Scottish SPCA welcomes MSP Emma Harper’s debate on illegal puppy trafficking

Scottish SPCA welcomes MSP Emma Harper’s debate on illegal puppy trafficking

MSP Emma Harper will lead a Members’ Business debate today  at Holyrood to highlight the practice of illegal puppy trafficking.

Scotland’s animal welfare charity has been spearheading a multi-agency fight against the ruthless puppy trading industry and welcomes Harper’s debate at the Scottish Parliament on the topic.

SNP MSP Emma Harper said,

“The illegal farming and trafficking of puppies is an abhorrent breach of animal welfare and can also be linked to serious and organised crime. On both counts we should be taking action to tackle this issue. I first became involved when I was approached by concerned constituents in Stranraer who told me about the puppy trafficking which has been taking place through the port at Cairnryan.

“The Scottish SPCA has been doing some excellent work which is resulting in the seizure of puppies and, ultimately, in prosecutions. I also want to pay tribute to Dumfries & Galloway Council’s Trading Standards staff, who have worked particularly closely and effectively with the Scottish SPCA to detect puppy trafficking at Cairnryan.

“I want to do what I can to help, so I’m delighted to be leading a Members’ Business debate at Holyrood on Wednesday 21st December to highlight the extent of this problem, the action that a range of agencies and the Scottish SPCA in particular are taking to tackle it, and to start a real debate on what more we can do to promote animal welfare and make life as difficult as possible for the illegal puppy traffickers.

“One of the main messages I want to convey is that anyone buying a puppy should ensure they see the dogs in a home environment with the mother.

“Sometimes, dealers bring in a ‘show bitch’ to look like the pup’s mother – however buyers can ensure they are not being deceived by insisting on visiting the pup while it is still feeding from its mother and reserving it until it is old enough to be rehomed.

“Any legitimate breeder will not have a problem with this and if any excuse is made as to why this is not possible, potential buyers should walk away and contact the Scottish SPCA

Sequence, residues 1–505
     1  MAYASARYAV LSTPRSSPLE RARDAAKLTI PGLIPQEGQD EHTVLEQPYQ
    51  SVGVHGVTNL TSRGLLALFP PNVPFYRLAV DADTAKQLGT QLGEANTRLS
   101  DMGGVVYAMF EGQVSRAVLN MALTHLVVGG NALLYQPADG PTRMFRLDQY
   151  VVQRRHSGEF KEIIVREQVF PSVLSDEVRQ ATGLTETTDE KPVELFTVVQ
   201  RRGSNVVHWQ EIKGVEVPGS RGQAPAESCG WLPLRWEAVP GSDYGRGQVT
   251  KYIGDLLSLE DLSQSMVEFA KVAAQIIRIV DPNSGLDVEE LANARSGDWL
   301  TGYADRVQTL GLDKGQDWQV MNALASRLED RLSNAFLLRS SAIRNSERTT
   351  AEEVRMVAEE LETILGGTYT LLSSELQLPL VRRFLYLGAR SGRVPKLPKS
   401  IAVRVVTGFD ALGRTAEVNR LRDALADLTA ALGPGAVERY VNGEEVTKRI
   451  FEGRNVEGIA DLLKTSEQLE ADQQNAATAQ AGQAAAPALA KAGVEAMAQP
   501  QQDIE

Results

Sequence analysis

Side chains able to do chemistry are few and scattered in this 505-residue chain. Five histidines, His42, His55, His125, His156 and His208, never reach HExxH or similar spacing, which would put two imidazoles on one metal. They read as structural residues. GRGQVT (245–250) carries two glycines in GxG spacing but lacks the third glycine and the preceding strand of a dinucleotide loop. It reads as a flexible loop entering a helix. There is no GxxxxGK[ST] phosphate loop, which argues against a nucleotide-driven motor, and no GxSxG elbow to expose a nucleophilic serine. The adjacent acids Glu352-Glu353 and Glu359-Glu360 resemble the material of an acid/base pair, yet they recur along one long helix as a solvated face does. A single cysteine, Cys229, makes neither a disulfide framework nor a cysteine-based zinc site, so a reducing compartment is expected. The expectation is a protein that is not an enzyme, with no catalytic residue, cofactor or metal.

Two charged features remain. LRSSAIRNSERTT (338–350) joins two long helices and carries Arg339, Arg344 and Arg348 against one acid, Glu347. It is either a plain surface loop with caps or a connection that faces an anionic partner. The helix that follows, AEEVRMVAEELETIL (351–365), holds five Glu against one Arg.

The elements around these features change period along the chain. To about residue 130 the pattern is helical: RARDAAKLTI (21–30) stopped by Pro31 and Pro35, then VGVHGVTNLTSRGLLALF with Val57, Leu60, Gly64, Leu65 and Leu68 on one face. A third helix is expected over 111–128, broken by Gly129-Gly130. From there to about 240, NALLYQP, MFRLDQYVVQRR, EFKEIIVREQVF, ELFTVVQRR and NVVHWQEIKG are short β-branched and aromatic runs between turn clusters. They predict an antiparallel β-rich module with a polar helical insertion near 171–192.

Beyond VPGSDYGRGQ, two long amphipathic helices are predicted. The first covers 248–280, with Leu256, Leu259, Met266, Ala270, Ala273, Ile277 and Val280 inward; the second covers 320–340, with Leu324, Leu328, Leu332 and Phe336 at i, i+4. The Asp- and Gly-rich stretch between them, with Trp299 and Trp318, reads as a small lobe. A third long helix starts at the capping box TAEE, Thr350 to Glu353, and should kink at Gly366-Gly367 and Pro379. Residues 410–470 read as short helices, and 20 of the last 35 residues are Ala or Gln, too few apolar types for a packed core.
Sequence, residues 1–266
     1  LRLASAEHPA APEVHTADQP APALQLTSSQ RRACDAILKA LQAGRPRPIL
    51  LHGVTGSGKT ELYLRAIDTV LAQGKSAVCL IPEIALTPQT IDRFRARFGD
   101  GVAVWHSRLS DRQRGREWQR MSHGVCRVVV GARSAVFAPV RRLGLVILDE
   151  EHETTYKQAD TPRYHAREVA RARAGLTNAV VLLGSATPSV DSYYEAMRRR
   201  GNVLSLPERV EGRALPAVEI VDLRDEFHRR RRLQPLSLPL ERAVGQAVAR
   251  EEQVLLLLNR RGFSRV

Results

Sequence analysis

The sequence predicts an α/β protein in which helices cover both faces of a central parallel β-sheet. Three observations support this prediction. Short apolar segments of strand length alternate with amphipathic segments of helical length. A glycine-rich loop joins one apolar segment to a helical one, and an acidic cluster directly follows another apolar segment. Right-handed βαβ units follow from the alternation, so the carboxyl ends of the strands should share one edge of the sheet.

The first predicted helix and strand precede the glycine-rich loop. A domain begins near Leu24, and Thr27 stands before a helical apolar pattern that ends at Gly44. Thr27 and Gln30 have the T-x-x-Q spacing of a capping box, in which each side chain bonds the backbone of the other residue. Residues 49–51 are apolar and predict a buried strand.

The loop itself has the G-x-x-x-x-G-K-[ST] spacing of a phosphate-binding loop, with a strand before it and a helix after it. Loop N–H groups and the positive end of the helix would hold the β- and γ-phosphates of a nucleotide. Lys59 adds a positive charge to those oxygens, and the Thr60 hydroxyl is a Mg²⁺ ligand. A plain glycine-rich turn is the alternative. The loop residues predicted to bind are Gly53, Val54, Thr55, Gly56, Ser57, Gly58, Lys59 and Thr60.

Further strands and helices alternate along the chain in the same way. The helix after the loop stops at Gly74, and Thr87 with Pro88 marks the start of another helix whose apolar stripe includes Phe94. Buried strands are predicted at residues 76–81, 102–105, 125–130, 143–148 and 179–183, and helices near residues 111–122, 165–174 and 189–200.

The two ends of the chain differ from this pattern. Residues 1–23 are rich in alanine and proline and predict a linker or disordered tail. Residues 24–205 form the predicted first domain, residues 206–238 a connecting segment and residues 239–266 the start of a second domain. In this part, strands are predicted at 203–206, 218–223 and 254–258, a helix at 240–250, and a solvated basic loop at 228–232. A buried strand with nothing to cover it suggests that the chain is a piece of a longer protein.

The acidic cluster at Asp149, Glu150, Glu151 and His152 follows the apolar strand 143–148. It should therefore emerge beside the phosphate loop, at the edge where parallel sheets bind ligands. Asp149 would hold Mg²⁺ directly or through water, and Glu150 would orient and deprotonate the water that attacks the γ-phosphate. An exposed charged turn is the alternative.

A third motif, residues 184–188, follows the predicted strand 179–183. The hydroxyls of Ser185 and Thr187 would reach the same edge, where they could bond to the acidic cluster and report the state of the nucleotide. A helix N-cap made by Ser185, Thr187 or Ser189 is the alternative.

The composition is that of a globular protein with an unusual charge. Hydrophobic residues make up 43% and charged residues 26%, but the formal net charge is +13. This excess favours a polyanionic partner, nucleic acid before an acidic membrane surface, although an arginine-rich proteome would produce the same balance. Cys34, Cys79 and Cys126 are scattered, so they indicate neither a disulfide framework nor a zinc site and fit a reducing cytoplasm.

“No one should ever buy a puppy in a public place such as a car park and it should set alarm bells ringing if this is suggested by the seller.

“I’m looking forward to the debate and to having the chance to draw public attention to this issue.”

Chief Inspector John Chisholm said,

“We are currently working alongside partner organisations in Operation Delphin to tackle the multi-million pound puppy farming industry including ISPCA, USPCA, DSPCA, RSPCA, HMRC Trading Standards, Stenaline, Police Scotland Port unit and APHA.

“When trafficked pups reach their new owner via the dealers they often develop diseases such as parvo virus and giardia. Often the young dogs die from these diseases which is extremely distressing for the owners.”

The charity has issued advice to anyone considering buying a puppy;

“Trafficked pups often look fine when they are purchased, but problems will begin to show at a later stage. By which time money has exchanged hands and the selling agent is long gone.

“We want to remind anyone looking to buy a puppy over the festive period please only go to reputable breeders, a list of breeders can be provided by the Kennel Club.

“Always view the mother of any puppies that are for sale when the pups are still feeding from the mother, where possible it is best to view both parents. Never buy a puppy from a car park or allow for home delivery without visiting the breeder’s premises.

“If you have purchased a puppy that shows any signs of illness or distress take it to the vet immediately.”

Anyone with concerns or information about puppy trafficking should call our animal helpline on 03000 999 999. Information is received in strict confidence and can be left anonymous

Puppy Trafficking debate at Scottish Parliament
Pic shows springer spaniel puppies Wyatt and Serge with Amy Burke from the Scottish SPCA
Pic Peter Devlin

Share This Post

Post Comment